Living in Japan – Culture Shock
by Abroad in Japan
Doesn’t speak Japanese.
Stages of culture shock.
Irritation and hostiility
He says he feels like he is in a huge theme park. He finds he is being driven to learn Japanese.
Vending machines are everywhere, and in the middle nowhere. The non-existance of crime make this possible.
Convenience stores are everywhere. You can buy airline tickets there or pay or your bills.
Hanko Stamp is your own personal stamp that you use to stamp the many documents you get each day.
Hi living quarters include a kitchen that’s too small (he says) to use. So he eats out a lot. This causes him to get out and walk, and this helps his fitness.
He takes us through a restaurant that delivers your meals on a conveyer belt.
An American Woman Reflects On Differences
Reverse cultural shock – after being in Japan
1. Realizing your short. There are towering people in America.
2. Cultural diversity in America. Apparent in airport.
3. Returning to a place with a lot less structure. Work and play schedules are looser.
4. Americans are much larger and have junk food in shopping cart.
5. Convience, fast food prep, is more common in America.
6. Japan they take time to prepare a meal with fresh foods and the time spent with family to prepare the meal is an important part of the family time.
7. Space – more room for stuff in America. There is a lot more stuff being bought and then surrounding ourselves with it. Japan you give money but not stuff. People think twice about putting stuff in their apartments.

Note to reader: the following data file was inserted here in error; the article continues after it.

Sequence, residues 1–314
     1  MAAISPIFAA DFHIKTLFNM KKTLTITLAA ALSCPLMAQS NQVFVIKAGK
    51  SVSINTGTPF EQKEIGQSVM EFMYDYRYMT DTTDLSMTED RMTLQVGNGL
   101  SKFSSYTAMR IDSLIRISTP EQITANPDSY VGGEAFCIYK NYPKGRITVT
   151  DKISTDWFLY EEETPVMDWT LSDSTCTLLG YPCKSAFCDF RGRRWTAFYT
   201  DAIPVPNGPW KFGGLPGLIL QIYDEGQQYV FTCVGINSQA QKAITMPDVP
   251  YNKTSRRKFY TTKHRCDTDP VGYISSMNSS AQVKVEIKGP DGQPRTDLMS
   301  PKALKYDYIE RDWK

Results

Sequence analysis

8. Outdoors in America is a big thing. But her Japanese husband does not know the smell of a skunk. Her husband is a city boy. There are activities planned for outside in Japan, but it is structured differently.
Video link courtesy Karan Singh
Mono Culture and Jobs
Living in Japan – Job Distribution
Speaker says that the mono culture of Japan does not have, as you’ll see in the US, a particular ethnic group being predominant in a particular line of work. In Japan, this is not the case, and this (goes his analysis) means there is more respect for people in whatever job they do. There’s less of a tendency to dismiss a line of work because it is done by a particular ethnic group.
This, he says, is a wonderful thing. This in no the case elsewhere.
A job does not define a person, and it’s good to remember this. It’s easy to fall into a prejudice that “only certain people do this.”
This is not to say you should not aspire to an interesting job, but it should be a cautionary note when looking at people who do humble jobs.
This was a conclusion that comes out of his culture shock, but it may even be a reverse form of culture shock.
Be aware of the decisions we make related to work.
Video link courtesy Kali Larrucea
Sharla and Rachel in Japan
Things two US women (Sharla and Rachel) find difficult to do in Japan.
1. Squat toilet.
2. Taking off shoes quickly when entering someone’s home.
3. Slimy/gooey/stickey foods – some foods are like this. Hard for her to eat.
4. Riding bikes is hard but very common in Japan.
5. Naked in some public places, common showers or steambaths.
6. Using the correct form of polite speech that recognizes the other person’s position or rank.
Video link courtesy Melanie Flory